Rodanthe’s first zoning workshop, an unstructured, casual gathering held on a rainy night, became Thursday’s go-to event.
About 70 residents and property owners attended the open house at the Rodanthe-Waves-Salvo Community Building to give their view on whether the three villages should have stricter zoning rules. Attendees were asked to fill out a form with questions on existing issues and uses, and potential future uses.
“I was pleased with the turnout, considering the nasty weather we had,” Planning Director Donna Creef said after the meeting. Four of the seven members of the Dare County Planning Board also attended the workshop.
Creef said that 28 forms were returned so far, many with detailed handwritten comments. Folks have until March 15 to return the forms.
“There’s a lot to be said for filling out an anonymous form instead of standing up and speaking at a public meeting,” Creef said.
The villages on the north end of Hatteras Island are currently zoned S-1, which restricts building heights and setbacks but permits nearly all uses on parcels.
“I think it would be healthy,” said Ken Wenberg, a resident of Waves. “When you look around, some of the early homes and businesses are unkempt and decayed.”
Property rights sometimes can’t be the main priority, he added.
“There’s a trade-off to everything,” Wenberg said, “ and if you can make it better, it’s a worthy trade-off.”
In recent years, concerns have been raised about some undesirable sites in the villages, including long-neglected Waterfall Park and a concrete plant in Waves. The concrete operation was approved by the county commissioners last year because there is currently no restriction in the current zoning regulation prohibiting it.
“We see it from our top deck,” said Patti White, referring to the concrete plant. White, a homeowner for 20 years, lives with her husband Gabe in the Wimble Shores subdivision in Salvo.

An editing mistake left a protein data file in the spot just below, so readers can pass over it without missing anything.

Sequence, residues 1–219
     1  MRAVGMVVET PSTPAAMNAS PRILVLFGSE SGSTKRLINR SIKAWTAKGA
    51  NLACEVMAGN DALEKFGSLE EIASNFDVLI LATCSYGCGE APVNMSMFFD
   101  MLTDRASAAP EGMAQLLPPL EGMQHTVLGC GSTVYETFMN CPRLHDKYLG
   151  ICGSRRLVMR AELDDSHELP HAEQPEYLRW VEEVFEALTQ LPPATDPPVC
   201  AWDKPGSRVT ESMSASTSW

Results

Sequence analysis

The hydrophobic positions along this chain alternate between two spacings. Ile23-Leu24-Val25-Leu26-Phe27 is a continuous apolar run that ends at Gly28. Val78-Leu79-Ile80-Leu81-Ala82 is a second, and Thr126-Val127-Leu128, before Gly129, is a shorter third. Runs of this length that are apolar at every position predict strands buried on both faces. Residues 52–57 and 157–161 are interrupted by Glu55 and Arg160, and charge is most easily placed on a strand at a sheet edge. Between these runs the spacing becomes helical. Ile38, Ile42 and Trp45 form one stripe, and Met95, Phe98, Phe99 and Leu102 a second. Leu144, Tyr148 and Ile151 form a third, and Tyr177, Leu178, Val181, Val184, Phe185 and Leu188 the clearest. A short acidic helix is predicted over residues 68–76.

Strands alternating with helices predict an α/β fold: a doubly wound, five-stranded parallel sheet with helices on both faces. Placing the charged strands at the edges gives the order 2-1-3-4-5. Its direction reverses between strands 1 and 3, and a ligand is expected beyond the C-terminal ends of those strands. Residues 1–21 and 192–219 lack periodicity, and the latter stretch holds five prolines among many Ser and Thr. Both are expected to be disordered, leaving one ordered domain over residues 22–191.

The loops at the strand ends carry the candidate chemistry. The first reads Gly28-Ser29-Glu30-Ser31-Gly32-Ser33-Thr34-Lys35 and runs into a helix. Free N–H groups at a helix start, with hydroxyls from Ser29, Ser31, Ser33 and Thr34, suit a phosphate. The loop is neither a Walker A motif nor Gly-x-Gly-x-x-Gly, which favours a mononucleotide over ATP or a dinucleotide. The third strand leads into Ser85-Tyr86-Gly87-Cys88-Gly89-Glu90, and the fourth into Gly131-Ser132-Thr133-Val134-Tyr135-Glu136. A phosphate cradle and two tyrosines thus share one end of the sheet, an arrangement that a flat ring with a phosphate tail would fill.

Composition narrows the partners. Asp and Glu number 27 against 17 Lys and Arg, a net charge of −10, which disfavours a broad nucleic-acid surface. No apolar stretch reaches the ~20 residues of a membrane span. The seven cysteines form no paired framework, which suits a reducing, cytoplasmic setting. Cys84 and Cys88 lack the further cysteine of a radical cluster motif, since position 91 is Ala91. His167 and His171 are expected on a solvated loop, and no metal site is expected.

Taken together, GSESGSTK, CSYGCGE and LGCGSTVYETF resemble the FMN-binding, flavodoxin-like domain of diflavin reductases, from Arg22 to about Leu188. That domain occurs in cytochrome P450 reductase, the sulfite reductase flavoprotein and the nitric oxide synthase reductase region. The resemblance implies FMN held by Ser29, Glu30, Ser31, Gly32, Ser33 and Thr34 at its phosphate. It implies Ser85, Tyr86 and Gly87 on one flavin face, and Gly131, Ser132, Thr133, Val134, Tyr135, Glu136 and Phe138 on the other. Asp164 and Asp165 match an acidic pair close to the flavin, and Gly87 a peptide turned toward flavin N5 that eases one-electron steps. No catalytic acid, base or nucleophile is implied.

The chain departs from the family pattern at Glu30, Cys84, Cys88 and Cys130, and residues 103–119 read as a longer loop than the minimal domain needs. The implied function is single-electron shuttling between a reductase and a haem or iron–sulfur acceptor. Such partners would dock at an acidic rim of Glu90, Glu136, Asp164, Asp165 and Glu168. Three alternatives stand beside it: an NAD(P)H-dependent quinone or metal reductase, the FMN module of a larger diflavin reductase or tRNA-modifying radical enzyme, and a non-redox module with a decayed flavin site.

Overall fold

The couple said that the bright lights from the Dollar General store and increased storm runoff from a nearby campground also affect their neighborhood. And the Waterfall Park, they say, is a blight on all the villages.
“It’s hideous,” Patti White said. “It looks like a ghetto. It’s dangerous. It’s a public nuisance.
“I think most of the community would like to see things kept nicer.”
Spurred by a letter from the Rodanthe-Waves-Salvo Civic Association asking the county to start the planning process for use-specific zoning, the Dare County Board of Commissioners earlier this year instructed the planning department to move forward in development of zoning regulations and maps for the villages.
The civic association did not take a position on zoning. But property and business owners were sent a letter in November signed by seven residents urging them to petition planners to start the zoning process.
Although the planning department is proceeding , Creef said, the direction and the outcome will be community-driven. For instance, it’s not written in stone that the tri-villages – a widely-used term that some residents dislike – will be considered as one unit.